New Identity for SD Mines: A History Lesson
When you think of top-tier engineering schools, South Dakota Mines probably isn’t the first… or second… or tenth name that pops into your head. It probably should be, but when the university chooses a new brand that maintains familiar vernacular and puts its history of mining at the forefront of its name, building a strong STEM brand recognition is a steep hill to climb.
Founded in 1885 to provide instruction in the region’s primary industry, mining, today the South Dakota School of Mines & Technology has evolved into one of the leading science and engineering universities in the region. On the SDSMT website, it states that “STEM is Our Specialty”. It stakes claim to several nationally ranked engineering programs and is consistently in the upper tier in terms of ROI. While the majority of its student body comes from the upper plains and mountain states, it has professional relationships throughout the US..
The primary goal of the rebranding was one of increased brand awareness. With the opportunity to evaluate both the university nickname and their visual identity, the hope was to be able to better convey the school’s value to prospective students. The official objective was stated as:
“South Dakota School of Mines & Technology wants to increase its brand awareness by refreshing its current brand messaging and visual assets to accurately represent the university and its strategic goals. The purpose is to portray a clear picture of who we are and how we represent our university…This project will include identifying key differentiators and values that make us unique from our top competitors and other engineering and science universities across the country and creating a shortened university name that resonates with our identity”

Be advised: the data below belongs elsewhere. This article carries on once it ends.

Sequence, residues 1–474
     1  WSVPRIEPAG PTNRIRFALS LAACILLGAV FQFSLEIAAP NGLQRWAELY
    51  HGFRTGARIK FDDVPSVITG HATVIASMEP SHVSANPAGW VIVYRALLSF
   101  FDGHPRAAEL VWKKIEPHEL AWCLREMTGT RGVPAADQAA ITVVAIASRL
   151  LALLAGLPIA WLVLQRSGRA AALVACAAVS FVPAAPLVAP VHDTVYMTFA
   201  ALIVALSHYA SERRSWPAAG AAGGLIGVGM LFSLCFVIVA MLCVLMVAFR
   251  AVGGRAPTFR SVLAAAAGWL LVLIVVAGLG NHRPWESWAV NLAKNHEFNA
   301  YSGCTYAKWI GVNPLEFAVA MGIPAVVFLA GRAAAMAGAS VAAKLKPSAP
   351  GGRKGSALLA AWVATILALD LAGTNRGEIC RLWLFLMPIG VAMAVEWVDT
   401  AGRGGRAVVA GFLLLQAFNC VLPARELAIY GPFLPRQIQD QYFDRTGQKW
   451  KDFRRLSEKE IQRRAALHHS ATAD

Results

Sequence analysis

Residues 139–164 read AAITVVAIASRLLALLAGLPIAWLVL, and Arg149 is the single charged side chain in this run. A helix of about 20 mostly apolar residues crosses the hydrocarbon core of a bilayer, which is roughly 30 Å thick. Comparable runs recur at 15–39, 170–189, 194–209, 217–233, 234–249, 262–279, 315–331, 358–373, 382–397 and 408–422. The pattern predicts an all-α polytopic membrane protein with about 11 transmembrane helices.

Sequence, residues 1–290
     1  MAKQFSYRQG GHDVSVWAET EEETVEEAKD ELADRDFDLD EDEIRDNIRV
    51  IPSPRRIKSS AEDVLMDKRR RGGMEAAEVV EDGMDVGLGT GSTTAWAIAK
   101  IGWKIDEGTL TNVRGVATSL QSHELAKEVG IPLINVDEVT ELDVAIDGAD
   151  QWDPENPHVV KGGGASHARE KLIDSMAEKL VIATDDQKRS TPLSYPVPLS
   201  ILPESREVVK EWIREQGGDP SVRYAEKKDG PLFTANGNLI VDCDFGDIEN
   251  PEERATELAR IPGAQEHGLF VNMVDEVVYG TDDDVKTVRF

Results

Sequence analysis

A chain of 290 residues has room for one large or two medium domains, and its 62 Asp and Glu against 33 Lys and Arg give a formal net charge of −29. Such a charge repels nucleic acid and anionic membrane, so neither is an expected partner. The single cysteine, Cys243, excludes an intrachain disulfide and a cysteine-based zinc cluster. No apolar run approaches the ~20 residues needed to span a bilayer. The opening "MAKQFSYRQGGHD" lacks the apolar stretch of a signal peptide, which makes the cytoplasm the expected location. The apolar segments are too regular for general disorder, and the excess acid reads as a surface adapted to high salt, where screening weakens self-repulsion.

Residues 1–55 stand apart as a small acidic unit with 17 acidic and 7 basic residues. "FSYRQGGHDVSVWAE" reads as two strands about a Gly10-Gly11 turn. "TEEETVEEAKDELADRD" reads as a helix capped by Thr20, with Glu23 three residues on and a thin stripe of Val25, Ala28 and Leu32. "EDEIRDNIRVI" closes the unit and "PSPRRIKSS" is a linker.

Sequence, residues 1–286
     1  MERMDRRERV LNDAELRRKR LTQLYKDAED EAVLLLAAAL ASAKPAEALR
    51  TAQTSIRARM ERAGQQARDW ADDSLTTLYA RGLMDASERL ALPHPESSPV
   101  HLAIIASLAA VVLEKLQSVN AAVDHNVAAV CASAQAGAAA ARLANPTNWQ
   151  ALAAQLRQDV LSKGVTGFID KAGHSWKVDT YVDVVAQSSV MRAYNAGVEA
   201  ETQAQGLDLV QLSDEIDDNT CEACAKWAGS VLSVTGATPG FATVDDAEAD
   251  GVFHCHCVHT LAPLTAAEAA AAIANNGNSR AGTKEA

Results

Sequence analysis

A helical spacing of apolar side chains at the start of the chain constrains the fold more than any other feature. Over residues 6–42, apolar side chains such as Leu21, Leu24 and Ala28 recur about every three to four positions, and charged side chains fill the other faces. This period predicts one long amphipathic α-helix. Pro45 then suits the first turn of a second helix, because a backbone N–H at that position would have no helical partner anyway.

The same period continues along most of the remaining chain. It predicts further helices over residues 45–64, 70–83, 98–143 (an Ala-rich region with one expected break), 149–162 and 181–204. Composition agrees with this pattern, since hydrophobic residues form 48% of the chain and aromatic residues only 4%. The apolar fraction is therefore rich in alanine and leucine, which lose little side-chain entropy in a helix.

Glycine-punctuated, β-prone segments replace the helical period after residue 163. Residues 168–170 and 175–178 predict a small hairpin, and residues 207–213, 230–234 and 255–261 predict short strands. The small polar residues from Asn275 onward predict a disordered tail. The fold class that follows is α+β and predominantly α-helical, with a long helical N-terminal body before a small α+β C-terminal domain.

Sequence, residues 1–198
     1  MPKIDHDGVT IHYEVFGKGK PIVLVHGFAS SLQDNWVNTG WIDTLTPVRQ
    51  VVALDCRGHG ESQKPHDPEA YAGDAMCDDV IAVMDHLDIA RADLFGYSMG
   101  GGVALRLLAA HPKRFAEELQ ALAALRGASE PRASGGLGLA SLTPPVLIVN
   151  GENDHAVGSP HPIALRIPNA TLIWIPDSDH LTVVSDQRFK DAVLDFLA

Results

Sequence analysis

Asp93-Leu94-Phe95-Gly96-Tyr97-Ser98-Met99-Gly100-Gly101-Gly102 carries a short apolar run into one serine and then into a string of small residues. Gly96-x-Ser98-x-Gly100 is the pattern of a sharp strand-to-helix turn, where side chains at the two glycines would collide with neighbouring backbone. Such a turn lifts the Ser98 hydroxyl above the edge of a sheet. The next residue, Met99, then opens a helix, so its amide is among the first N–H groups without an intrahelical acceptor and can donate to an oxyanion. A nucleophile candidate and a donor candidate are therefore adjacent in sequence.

I came across this rebranding, and it piqued my interest because I remember seeing the initial RFP. I actually began working on a response before determining we weren’t right for the project. SDM&T ultimately chose a higher-ed marketing agency to do the work – a wise choice considering all of the variables. However, I can’t help but feel the (not so) new nickname and the new visual identity have done very little to accomplish their stated goal (and I assume their biggest challenge) of increasing brand recognition.
SD Mines identity before and after
The nickname is one that has been used as a truncated name for decades. Its popularity varies from administration to administration, but it is familiar vernacular… to existing students and alumni. It feels like a name that intentionally honors (ahem, clings to) the history of a 19th century mining school. Not an ideal means to create greater understanding among prospective students who are seeking a top-notch engineering, science, or math program, and one that seems misaligned with the strategic vision of "developing world-class leaders in science and engineering to benefit society."